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A Snapshot of Mental Health and Access to Care Among Nonelderly Adults in California (Kaiser Family Foundation)

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Policy Brief

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Summary: The COVID-19 pandemic has coincided with worsening mental health across the country, and California is no exception. Authors analyzed data from the 2016–2020 California Health Interview Survey (CHIS), which asks noninstitutionalized adults detailed questions on mental health and substance use, to further examine the impact of the pandemic on mental health in the state.

Findings: Some key findings include:                        

  • The pandemic comes on the heels of an already worsening mental health and substance use crisis in California. A growing share of nonelderly adults have reported past year serious psychological distress over time in California, up from 9% in 2016 to 15% in 2020. Substance use issues have also worsened – drug overdose deaths increased over 40% from 2019 to 2020 in California.
  • During the pandemic, serious psychological distress was more pronounced among some communities, including women and low-income adults in California. Women in California (16%) were more likely than men (13%) to experience serious psychological distress in 2020. In general, women have more often reported poor mental health compared to their male counterparts both before and during the pandemic.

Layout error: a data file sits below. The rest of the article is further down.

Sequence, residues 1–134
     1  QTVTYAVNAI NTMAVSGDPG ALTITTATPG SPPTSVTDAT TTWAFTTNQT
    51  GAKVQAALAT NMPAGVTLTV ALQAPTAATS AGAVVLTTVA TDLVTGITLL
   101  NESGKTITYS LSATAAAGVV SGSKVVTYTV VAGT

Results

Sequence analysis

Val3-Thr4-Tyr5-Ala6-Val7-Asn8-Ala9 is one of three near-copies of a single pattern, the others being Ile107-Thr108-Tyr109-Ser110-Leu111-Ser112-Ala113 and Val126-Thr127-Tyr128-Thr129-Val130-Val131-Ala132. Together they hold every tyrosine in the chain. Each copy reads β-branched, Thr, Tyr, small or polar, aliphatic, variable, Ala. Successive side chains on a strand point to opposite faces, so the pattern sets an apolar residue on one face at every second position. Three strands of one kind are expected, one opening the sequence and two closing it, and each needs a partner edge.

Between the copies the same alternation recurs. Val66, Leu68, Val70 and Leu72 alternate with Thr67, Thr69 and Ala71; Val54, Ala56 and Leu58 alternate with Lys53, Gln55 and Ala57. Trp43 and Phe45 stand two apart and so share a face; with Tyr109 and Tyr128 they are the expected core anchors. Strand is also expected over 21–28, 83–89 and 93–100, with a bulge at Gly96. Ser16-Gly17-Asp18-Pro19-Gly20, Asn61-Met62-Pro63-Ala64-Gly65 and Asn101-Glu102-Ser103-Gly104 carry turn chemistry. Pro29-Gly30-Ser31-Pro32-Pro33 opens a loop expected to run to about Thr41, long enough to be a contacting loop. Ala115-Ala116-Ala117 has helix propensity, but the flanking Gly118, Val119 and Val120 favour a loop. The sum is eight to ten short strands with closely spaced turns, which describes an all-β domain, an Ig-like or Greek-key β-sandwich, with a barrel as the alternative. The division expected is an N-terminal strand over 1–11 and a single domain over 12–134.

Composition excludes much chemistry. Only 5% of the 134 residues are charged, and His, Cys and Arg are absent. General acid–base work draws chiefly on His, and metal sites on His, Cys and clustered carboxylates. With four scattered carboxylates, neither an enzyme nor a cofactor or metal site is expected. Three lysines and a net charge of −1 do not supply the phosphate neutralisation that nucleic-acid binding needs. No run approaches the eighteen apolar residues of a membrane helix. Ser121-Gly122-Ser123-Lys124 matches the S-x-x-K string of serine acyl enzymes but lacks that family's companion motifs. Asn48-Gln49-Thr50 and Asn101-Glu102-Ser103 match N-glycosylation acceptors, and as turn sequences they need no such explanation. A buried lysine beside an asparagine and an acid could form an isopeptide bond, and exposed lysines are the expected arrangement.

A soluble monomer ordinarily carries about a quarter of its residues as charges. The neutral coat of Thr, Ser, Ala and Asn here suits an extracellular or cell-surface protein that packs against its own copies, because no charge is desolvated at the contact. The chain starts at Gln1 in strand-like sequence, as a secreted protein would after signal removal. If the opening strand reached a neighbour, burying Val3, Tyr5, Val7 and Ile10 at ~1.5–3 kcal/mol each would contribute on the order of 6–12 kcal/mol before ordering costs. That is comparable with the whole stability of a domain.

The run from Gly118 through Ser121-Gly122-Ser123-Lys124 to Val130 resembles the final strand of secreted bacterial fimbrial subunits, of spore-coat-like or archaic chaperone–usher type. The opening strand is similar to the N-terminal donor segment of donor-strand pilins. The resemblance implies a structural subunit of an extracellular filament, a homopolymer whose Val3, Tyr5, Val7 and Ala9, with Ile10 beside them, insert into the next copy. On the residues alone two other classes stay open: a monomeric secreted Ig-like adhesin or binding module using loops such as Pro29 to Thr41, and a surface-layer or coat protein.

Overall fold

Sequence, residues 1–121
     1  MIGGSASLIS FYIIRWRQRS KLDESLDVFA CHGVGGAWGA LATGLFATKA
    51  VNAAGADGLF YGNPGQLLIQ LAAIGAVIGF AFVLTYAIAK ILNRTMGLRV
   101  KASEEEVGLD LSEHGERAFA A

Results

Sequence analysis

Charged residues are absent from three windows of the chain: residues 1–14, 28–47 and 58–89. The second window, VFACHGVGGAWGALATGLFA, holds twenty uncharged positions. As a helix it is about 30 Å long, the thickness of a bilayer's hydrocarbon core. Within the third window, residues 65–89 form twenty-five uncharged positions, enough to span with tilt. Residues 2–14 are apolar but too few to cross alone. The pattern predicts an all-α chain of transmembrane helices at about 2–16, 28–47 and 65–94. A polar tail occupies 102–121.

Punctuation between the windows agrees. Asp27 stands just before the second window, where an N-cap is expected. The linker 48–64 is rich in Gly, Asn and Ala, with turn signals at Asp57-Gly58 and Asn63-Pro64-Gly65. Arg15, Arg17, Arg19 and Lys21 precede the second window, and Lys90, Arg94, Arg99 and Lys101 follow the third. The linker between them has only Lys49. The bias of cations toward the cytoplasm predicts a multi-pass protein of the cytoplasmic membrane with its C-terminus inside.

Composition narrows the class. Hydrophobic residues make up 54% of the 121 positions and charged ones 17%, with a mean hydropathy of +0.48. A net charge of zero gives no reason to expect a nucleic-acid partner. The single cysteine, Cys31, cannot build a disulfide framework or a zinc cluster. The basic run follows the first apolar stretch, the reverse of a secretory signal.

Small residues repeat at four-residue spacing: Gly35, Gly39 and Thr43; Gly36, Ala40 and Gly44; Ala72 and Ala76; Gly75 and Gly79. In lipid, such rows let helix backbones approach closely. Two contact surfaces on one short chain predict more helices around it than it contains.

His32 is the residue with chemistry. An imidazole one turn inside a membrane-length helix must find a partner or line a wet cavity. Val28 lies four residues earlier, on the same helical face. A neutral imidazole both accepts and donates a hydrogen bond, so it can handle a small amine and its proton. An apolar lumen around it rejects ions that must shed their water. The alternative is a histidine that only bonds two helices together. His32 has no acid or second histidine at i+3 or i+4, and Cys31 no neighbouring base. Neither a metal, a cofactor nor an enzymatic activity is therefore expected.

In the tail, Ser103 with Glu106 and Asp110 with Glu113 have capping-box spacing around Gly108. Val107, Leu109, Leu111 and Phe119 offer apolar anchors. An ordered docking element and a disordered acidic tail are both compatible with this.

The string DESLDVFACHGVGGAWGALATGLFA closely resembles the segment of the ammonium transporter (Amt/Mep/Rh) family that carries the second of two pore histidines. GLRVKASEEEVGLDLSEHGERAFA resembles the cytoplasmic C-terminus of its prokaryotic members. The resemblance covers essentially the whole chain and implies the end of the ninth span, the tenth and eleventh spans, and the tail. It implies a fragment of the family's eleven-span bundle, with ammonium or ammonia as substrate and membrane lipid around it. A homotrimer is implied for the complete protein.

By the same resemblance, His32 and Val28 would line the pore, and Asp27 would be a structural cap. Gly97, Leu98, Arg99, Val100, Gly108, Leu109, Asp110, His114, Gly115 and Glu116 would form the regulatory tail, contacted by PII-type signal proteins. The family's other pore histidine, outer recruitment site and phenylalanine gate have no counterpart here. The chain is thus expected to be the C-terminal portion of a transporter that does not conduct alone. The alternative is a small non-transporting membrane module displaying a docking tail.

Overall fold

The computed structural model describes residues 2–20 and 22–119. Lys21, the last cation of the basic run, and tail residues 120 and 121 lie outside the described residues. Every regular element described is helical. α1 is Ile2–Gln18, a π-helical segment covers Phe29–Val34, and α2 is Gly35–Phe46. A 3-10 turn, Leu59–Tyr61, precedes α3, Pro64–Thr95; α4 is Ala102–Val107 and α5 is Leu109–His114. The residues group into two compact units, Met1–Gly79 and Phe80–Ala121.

• Across insurance types, large shares of nonelderly adults reported poor mental health outcomes in 2020. Medi-Cal enrollees were significantly more likely than private insurance enrollees to experience past year serious psychological distress in 2020 (18% vs. 11%, respectively), perhaps reflecting Medi-Cal coverage of many people with disabling health conditions including serious mental illness and/or many low-income individuals who may be more likely to report poor mental health. Many nonelderly adults also reported thoughts of suicide in 2020: 14% among Medi-Cal enrollees and 13% among private insurance enrollees (data was not statistically different).
  • In response to mental health and substance use needs in California during the pandemic, several policy actions were taken to increase and standardize access to care. Senate Bill 855 addresses gaps in existing mental health parity laws by requiring insurers to expand coverage to a broader range of mental health and substance use disorders (apart from Medi-Cal). Assembly Bill 2265 will allow for funds from the Mental Health Services Act, typically reserved for mental health services only, to be used for substance use services as well among people with co-occurring mental health and substance use issues. Additionally, through Senate Bill 803, Medi-Cal mental health and substance use services will expand to include peer support specialists.

Looking ahead, further research on access to care and utilization of mental health services will be informative as state policymakers, administrators, and health care providers continue to discuss how to address mental health and substance use needs among Californians.


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Policy Brief: A Snapshot of Mental Healt and Access to Care Among Nonelderly Adults in California

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Press Release

Related Link 1

California Health Interview Survey (CHIS)

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Kaiser Family Foundation

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Version: 4.0
Created at 3/21/2022 10:41 AM by i:0#.f|uclachissqlmembershipprovider|celeste
Last modified at 3/23/2022 8:29 AM by i:0#.f|uclachissqlmembershipprovider|celeste